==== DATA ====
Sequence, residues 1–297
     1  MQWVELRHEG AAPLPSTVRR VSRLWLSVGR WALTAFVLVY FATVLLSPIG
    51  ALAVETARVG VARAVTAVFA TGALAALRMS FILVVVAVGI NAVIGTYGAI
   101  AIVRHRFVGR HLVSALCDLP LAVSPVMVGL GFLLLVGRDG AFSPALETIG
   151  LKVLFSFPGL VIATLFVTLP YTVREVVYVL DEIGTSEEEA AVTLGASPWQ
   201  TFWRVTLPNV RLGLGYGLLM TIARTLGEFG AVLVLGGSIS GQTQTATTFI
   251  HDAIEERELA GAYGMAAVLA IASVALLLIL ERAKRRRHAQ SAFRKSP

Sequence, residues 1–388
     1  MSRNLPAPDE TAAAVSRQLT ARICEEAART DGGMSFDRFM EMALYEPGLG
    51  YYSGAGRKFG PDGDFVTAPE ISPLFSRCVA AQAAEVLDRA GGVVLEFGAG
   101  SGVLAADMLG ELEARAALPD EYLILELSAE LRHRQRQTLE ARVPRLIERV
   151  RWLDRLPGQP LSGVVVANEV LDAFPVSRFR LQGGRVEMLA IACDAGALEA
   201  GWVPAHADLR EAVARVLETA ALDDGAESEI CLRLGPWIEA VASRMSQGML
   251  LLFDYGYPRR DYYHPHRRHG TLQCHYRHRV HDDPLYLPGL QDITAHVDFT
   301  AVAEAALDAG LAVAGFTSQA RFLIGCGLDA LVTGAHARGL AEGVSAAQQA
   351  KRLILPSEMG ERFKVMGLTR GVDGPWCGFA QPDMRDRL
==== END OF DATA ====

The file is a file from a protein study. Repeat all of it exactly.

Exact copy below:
Sequence, residues 1–297
     1  MQWVELRHEG AAPLPSTVRR VSRLWLSVGR WALTAFVLVY FATVLLSPIG
    51  ALAVETARVG VARAVTAVFA TGALAALRMS FILVVVAVGI NAVIGTYGAI
   101  AIVRHRFVGR HLVSALCDLP LAVSPVMVGL GFLLLVGRDG AFSPALETIG
   151  LKVLFSFPGL VIATLFVTLP YTVREVVYVL DEIGTSEEEA AVTLGASPWQ
   201  TFWRVTLPNV RLGLGYGLLM TIARTLGEFG AVLVLGGSIS GQTQTATTFI
   251  HDAIEERELA GAYGMAAVLA IASVALLLIL ERAKRRRHAQ SAFRKSP

Sequence, residues 1–388
     1  MSRNLPAPDE TAAAVSRQLT ARICEEAART DGGMSFDRFM EMALYEPGLG
    51  YYSGAGRKFG PDGDFVTAPE ISPLFSRCVA AQAAEVLDRA GGVVLEFGAG
   101  SGVLAADMLG ELEARAALPD EYLILELSAE LRHRQRQTLE ARVPRLIERV
   151  RWLDRLPGQP LSGVVVANEV LDAFPVSRFR LQGGRVEMLA IACDAGALEA
   201  GWVPAHADLR EAVARVLETA ALDDGAESEI CLRLGPWIEA VASRMSQGML
   251  LLFDYGYPRR DYYHPHRRHG TLQCHYRHRV HDDPLYLPGL QDITAHVDFT
   301  AVAEAALDAG LAVAGFTSQA RFLIGCGLDA LVTGAHARGL AEGVSAAQQA
   351  KRLILPSEMG ERFKVMGLTR GVDGPWCGFA QPDMRDRL